Author(s): Ziakas PD, Pavlou M, Voulgarelis M, Ziakas PD, Pavlou M, Voulgarelis M
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Abstract OBJECTIVE: To estimate the effect of combined heparin and aspirin compared with aspirin monotherapy in pregnant women with antiphospholipid syndrome and recurrent pregnancy loss. DATA SOURCES: We searched the PubMed database up to December 2009 for English-language studies using the key words "aspirin AND (heparin OR low molecular weight heparin), (antiphospholipid OR anticardiolipin OR aPL) AND pregnancy." METHODS OF STUDY SELECTION: Two hundred ninety- two studies were initially screened. Randomized controlled trials comparing the effect of heparin (unfractionated heparin or low molecular weight heparin) plus aspirin compared with aspirin alone on the live-birth rate in women with a history of at least two miscarriages and antiphospholipid antibodies were eligible. TABULATION, INTEGRATION, AND RESULTS: The pooled effect of unfractionated heparin and low molecular weight heparin was evaluable in three and two randomized controlled studies, respectively, with regard to live births, which was the major outcome. Overall, treatment effects were in favor of heparin against first-trimester losses (odd ratio [OR] 0.39, 95\% confidence interval [CI] 0.24-0.65, number needed to treat 6). More specifically, unfractionated heparin displayed a significant effect (OR 0.26, 95\% CI 0.14-0.48, number needed to treat 4), while the pooled effect of low molecular weight heparin was insignificant (OR 0.70, 95\% CI 0.34-1.45). Combination therapy of either unfractionated heparin or low molecular weight heparin with aspirin failed to display any significant effect in the prevention of late-pregnancy losses. No significant differences were observed between treatment and control groups for any other outcomes. CONCLUSION: The combination of unfractionated heparin and aspirin confers a significant benefit in live births. However, the efficacy of low molecular weight heparin plus aspirin remains unproven, highlighting the urgent need for large controlled trials.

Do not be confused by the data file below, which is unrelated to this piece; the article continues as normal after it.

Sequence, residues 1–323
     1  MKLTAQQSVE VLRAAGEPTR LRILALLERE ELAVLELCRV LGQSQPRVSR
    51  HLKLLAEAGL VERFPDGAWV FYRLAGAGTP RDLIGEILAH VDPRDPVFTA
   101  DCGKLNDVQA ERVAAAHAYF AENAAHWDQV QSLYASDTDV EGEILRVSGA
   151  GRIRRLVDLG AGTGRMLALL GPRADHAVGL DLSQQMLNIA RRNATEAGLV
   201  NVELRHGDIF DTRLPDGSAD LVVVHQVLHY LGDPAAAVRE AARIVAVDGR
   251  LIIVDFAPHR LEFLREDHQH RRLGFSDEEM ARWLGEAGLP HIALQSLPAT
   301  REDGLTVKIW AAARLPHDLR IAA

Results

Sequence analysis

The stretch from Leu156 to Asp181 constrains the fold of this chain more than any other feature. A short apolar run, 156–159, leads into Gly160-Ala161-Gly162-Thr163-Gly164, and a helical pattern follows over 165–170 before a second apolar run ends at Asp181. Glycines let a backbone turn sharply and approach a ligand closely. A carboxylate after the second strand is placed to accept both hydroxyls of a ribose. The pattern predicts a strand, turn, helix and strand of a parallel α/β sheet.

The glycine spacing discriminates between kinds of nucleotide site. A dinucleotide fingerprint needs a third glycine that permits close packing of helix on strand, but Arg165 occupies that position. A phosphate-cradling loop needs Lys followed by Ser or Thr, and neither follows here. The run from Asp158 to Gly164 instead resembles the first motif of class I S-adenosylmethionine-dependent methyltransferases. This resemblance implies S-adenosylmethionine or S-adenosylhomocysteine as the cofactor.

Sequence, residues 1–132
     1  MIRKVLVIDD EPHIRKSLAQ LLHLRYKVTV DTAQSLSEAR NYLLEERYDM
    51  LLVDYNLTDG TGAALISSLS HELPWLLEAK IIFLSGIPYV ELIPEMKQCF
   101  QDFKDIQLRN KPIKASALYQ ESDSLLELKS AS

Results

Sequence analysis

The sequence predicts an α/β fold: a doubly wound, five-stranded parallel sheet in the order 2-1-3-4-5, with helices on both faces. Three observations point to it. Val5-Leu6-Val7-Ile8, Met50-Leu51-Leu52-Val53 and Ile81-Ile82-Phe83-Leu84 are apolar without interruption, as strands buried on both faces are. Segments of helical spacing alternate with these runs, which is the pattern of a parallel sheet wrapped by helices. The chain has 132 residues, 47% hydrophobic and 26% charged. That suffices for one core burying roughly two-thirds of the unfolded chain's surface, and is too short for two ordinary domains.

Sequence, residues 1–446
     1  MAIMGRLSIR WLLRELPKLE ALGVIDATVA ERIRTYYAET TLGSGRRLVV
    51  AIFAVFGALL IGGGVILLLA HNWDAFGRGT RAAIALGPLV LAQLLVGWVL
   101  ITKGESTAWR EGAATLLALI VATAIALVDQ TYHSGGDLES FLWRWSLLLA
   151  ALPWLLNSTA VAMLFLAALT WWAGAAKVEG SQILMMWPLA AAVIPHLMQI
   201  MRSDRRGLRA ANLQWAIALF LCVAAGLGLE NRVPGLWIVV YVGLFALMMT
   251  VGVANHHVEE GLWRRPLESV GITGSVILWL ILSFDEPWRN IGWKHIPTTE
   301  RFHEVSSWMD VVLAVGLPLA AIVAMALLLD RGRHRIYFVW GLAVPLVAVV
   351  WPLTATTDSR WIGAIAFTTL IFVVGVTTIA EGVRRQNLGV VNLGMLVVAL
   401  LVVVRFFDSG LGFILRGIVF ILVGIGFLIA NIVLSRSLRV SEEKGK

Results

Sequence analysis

This article was published in Obstet Gynecol
and referenced in Journal of Blood Disorders & Transfusion